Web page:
Dalai Lama Gives Blessing as Thai Monks March for World Peace in Northern India
A group of 40 Theravada monks from Thailand assembled before His Holiness the Dalai Lama at his official residence in Dharamsala last Friday to receive his blessing on the occasion of Buddha Purnima, the birth anniversary of the historical Buddha, before heading out on a march for world peace that will eventually take the monks to the town of Leh in the northern Indian state of Jammu and Kashmir.
The monks say the march, organized by the Dharamsala-based Thai-Dharamshala Charity Society, is aimed at promoting love, kindness, and compassion in the world. “We are having this yatra [“pilgrimage”] for the world peace and to share with the world about peace of mind and soul as per the teachings of our teacher, the Lord Buddha,” said one of the monks. (Phayul.com)
At a prayer session held before the monks began their peace march, the Dalai Lama said that although they followed the same teacher and studied the same teachings of the Four Noble Truths and the Thirty-seven Bodhisattva Practices, he viewed Theravada monks from Thailand as “senior citizens of Buddhism.” (Phayul.com)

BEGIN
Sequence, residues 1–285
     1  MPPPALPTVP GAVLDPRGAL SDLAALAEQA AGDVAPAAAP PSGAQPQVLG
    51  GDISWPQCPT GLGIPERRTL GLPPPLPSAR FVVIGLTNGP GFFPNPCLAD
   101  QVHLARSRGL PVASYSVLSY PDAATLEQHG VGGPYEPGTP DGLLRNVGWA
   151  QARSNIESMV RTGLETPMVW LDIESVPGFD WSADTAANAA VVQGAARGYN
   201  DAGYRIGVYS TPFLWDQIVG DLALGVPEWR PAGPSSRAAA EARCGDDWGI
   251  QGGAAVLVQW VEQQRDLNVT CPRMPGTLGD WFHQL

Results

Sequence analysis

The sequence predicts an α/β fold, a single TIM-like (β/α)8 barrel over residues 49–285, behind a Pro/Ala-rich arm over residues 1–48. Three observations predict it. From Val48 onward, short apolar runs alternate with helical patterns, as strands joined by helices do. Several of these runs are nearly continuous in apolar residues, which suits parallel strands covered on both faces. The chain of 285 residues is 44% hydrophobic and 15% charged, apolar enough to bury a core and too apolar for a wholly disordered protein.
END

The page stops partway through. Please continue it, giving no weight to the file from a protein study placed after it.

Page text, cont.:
Hatyai Pharyatha Suthi, who is leading the monks on their pilgrimage, said, “We feel great and pleased to have met with His Holiness and [he] was very kind to all of us. I feel [the] Dalai Lama is the revealer of the holy truth taught by Buddha.” (Phayul.com)
After seeing off the monks, the Dalai Lama held a prayer for Saga Dawa (also known as the “month of merits” in Tibetan Buddhism, it commemorates the birth, nirvana, and parinirvana of Shakyamuni Buddha) at the Tsuglagkhang temple complex, in a ceremony organized by Namgyal Monastery.
Dharamsala is situated at the edge of the Himalayas in the northern Indian state of Himachal Pradesh. As well as the official residence of the Dalai lama, the hillside city is home to the Tibetan Central Administration, also known as the Tibetan government-in-exile, and the Library of Tibetan Works and Archives, founded by His Holiness in 1970, which houses tens of thousands of valuable manuscripts and other works and artifacts relocated from Tibet in 1959.